The Auditory Processing – Emotional/Social Connection

12Last month at Stowell Learning Center Chino, 25 students participated in our SLC Science Lab – AKA Big Fun Mess and Parents’ Night Out. 

Only one of four experiments worked exactly as planned, but the night was a big success.

The students had a good time working together to make a liquid kaleidoscope, and homemade Silly Putty, Play Doh, and lip balm.  While some of our students are social butterflies, others are not so skilled.  Parents and staff loved seeing all the students getting a chance to laugh and be social.

People are social creatures.  Listening skills have a huge impact on our success or failure socially.  Listening is different than hearing.  Hearing is what our ears do, but listening is intentional.  It involves intentional attention.

Our brain looks for patterns.  The emotional part of the brain helps us pick out the important patterns in the sound around us and send it to several places in the brain so it can be processed.  In order to do this quickly, our brains must filter out the unimportant information.

Students who struggle socially, may actually be experiencing a failure of the brain’s inhibitory response – or filtering of unimportant sound.  As a result, they “hear” everything and cannot quickly focus on what’s important in order to give the expected response.  They may become overloaded and shutdown.   They may learn not to participate because they can’t keep up in conversations or discussions, causing them to say the wrong thing or get laughed at.  With extreme overload, they may respond by running away, screaming, making loud noises, or covering their ears.  These survival responses don’t endear them to their peers and make friendships difficult.

We know, through the brain research and our experience with thousands of students that auditory processing and listening skills can be developed.  The brain can be retrained to process sound more effectively so that students can learn and function in both the social and academic environments more comfortably, appropriately, and independently.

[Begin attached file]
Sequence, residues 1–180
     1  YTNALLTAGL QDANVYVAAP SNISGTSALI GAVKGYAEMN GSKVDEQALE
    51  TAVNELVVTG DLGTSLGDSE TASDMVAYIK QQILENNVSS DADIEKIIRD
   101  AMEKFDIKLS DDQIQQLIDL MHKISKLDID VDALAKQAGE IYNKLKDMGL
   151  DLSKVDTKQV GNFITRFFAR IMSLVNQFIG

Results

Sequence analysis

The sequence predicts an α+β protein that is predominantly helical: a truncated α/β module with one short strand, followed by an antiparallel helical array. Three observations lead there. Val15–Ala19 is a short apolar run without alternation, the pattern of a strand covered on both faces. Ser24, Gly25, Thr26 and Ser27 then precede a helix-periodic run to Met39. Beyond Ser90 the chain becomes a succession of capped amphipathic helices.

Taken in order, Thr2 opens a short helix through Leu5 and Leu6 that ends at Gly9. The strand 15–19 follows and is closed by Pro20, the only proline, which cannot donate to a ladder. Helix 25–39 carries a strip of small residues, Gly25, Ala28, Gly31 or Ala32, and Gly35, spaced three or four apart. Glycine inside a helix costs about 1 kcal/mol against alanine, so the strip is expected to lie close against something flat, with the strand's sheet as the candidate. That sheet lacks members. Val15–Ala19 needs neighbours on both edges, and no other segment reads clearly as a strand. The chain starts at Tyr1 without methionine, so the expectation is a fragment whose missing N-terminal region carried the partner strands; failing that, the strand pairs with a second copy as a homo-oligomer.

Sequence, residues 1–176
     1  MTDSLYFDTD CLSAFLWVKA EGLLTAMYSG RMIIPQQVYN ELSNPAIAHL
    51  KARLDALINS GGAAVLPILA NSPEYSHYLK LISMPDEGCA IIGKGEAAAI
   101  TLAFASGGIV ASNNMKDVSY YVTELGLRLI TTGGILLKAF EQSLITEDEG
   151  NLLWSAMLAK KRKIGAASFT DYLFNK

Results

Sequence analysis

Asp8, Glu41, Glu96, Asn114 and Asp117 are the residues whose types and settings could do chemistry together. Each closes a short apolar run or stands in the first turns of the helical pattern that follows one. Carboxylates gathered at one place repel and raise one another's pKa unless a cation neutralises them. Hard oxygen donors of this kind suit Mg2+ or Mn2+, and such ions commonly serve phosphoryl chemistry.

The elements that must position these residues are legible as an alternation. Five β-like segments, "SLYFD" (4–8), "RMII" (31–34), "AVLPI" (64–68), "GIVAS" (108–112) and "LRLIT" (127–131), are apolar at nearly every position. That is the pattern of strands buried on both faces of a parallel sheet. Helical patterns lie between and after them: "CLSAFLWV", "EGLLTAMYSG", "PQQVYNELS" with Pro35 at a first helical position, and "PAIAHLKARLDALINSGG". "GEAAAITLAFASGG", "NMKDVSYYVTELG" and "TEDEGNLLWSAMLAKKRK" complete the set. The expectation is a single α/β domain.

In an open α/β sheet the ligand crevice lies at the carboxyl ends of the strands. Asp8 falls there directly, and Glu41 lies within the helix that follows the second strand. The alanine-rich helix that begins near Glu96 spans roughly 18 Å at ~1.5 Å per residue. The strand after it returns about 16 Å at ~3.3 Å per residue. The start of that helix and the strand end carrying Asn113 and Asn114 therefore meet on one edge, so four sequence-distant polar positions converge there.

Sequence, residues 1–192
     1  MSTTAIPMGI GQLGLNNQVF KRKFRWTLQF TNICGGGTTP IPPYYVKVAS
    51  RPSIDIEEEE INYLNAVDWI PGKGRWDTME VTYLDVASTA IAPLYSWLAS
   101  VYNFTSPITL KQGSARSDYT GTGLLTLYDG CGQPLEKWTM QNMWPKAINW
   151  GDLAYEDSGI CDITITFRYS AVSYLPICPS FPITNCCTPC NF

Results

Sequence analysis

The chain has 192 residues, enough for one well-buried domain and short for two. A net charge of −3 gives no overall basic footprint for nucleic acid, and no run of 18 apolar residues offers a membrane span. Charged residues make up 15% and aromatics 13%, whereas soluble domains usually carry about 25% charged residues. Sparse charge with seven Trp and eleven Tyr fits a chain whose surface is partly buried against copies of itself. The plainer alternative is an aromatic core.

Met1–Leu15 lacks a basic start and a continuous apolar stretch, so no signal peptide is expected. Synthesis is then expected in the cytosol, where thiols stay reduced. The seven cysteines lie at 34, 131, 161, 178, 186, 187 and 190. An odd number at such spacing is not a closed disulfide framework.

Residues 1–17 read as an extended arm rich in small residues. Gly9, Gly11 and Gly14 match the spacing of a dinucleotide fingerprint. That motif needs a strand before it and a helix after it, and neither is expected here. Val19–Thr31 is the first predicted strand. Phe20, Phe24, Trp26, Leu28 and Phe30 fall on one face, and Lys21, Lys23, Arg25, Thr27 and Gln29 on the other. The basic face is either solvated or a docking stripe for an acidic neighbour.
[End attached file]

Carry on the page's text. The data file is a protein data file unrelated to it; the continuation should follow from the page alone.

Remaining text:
One of the key ways that we develop these critical auditory processing skills is through sound therapy, or auditory training programs (The Listening Program, inTime, iLs, or Samonas Sound Therapy).  We use a combination of passive and active auditory stimulation that involves daily home listening and specific lessons in the clinic that stimulate the auditory system to get a clear, accurate, and complete message when listening, while targeting the specific reading, spelling, comprehension, or language skills that the student also needs.

These are real and permanent solutions to struggles with listening, learning, or social skills.

If you or your child are experiencing auditory or other learning challenges and you’re ready for real and permanent changes…

JOIN US for a FREE Information Night.

For details and RSVP go to

“Helping smart but struggling students dramatically improve or completely correct their learning and attention challenges by developing the underlying learning skills that are not supporting the learner well enough.”
We serve children and adults with diagnosed or undiagnosed learning and attention challenges including learning disabilities, dyslexia, ADHD, auditory processing disorders, and autism spectrum disorders.
Jill Stowell, M.S.
Author:  At Wit’s End A Parent’s Guide to Ending the Struggle Teas, and Turmoil of Learning Disabilities
Founder and Executive Director – Stowell Learning Centers

Recent Posts



Ready to take the next step?

Speak to a Learning Specialist to learn more about the results from students and parents at Stowell Learning Centers.